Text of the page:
Acute pyelonephritis (APN) versus acute rejection (AR) is a frequently encountered diagnostic and therapeutic dilemma in kidney transplants. Variable culture results, overlapping histologic features, and persistent graft dysfunction despite antibiotics are frequently encountered. Therefore, we explored the utility of intragraft microRNA profiles to distinguish between allograft APN and AR.
Materials and Methods
Between 2003 and 2011, we identified 49 patients with biopsy features of APN, within the first 2 years posttransplant. MicroRNA profiling was performed on 20 biopsies (normal kidney, n=4; unequivocal AR, n=5; features of APN, n=11).
Only 32% (16/49) of the patients had concomitant positive urine cultures at biopsy, and in 8 of 16 patients, colony count was less than 105 CFU/mL. In 14 of 49 patients, positive urine culture did not coincide with the biopsy, and in 19 of 49 patients, urine cultures were negative. On microRNA profiling, good clustering was seen among the normal kidneys and among AR biopsies. Among the 11 biopsies with features of APN, 4 biopsies showed good clustering with a pattern distinct from AR; (these patients recovered graft function with antibiotics); 7 of 11 biopsies showed heterogeneity in microRNA profiles and variable outcomes with antibiotic treatment. We identified a panel of 25 microRNAs showing statistical difference in expression between AR and APN. MiR-99b, miR-23b let-7b-5p, miR-30a, and miR-145 were validated using qPCR.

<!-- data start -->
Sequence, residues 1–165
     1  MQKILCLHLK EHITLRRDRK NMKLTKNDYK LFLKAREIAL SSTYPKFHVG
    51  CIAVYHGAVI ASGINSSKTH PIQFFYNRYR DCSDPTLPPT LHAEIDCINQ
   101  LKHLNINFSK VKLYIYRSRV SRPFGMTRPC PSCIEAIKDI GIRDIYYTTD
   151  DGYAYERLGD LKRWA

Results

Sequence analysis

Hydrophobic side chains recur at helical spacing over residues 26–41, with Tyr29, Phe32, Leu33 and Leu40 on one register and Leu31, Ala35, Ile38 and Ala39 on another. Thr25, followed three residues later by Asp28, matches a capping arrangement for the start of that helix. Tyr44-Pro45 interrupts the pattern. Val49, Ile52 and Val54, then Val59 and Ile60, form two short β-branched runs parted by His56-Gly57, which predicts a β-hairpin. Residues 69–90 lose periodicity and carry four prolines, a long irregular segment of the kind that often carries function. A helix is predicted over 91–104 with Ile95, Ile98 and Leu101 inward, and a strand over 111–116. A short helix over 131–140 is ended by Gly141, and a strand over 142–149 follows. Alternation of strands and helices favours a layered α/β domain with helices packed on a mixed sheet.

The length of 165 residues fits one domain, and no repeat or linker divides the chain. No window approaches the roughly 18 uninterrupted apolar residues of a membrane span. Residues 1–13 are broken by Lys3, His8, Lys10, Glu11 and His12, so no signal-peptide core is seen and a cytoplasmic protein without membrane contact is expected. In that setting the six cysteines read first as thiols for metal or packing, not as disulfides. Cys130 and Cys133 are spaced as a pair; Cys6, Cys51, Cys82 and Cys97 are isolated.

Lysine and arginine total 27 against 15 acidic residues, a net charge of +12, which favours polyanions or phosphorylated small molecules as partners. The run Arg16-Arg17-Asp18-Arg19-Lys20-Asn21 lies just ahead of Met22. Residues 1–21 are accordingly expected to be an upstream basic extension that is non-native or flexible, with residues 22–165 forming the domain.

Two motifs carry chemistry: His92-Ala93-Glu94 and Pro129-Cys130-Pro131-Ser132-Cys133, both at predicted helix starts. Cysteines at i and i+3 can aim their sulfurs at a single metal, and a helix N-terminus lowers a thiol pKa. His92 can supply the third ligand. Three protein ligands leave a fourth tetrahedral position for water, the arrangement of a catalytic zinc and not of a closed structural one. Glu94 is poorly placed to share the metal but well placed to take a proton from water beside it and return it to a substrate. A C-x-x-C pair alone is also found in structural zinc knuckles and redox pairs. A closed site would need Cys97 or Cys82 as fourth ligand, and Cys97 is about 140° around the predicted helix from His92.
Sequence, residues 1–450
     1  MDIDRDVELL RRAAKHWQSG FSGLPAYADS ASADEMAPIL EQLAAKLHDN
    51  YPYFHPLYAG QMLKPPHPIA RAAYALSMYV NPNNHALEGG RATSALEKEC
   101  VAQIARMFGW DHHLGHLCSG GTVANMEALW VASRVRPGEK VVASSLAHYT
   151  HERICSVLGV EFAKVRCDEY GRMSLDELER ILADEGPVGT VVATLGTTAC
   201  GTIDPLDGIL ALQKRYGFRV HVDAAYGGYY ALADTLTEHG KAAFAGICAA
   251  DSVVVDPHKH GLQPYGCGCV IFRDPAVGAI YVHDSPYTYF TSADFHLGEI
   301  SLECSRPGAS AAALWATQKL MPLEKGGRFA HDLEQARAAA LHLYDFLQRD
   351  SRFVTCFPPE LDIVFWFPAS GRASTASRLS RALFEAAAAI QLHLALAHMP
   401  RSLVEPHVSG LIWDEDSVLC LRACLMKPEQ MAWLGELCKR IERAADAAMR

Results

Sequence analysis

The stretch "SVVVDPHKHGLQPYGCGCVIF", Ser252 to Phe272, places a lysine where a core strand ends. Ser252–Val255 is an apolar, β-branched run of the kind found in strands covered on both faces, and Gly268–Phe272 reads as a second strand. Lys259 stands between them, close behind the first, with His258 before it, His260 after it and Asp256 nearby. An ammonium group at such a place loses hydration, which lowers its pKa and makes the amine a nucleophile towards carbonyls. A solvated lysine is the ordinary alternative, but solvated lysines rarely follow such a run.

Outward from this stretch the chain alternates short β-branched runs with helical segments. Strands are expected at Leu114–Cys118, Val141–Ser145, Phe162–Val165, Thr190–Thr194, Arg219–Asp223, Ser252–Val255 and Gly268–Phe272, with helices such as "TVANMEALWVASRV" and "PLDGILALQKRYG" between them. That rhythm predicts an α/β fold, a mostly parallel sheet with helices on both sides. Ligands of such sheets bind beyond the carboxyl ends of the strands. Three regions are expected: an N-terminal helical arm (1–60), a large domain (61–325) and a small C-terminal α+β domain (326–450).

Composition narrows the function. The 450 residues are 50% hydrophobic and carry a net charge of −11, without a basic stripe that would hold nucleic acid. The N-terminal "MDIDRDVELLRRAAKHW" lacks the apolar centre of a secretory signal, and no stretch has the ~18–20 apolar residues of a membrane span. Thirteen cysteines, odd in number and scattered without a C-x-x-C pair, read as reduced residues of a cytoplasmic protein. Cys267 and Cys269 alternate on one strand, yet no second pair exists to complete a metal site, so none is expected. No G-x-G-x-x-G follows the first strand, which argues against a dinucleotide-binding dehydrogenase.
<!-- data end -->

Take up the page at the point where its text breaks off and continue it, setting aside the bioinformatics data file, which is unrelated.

Allograft pyelonephritis can be a diagnostic and therapeutic challenge. A gestalt approach is required. In addition to histology and cultures, differential intragraft microRNA expression may prove helpful to distinguish APN from AR in renal allograft biopsies.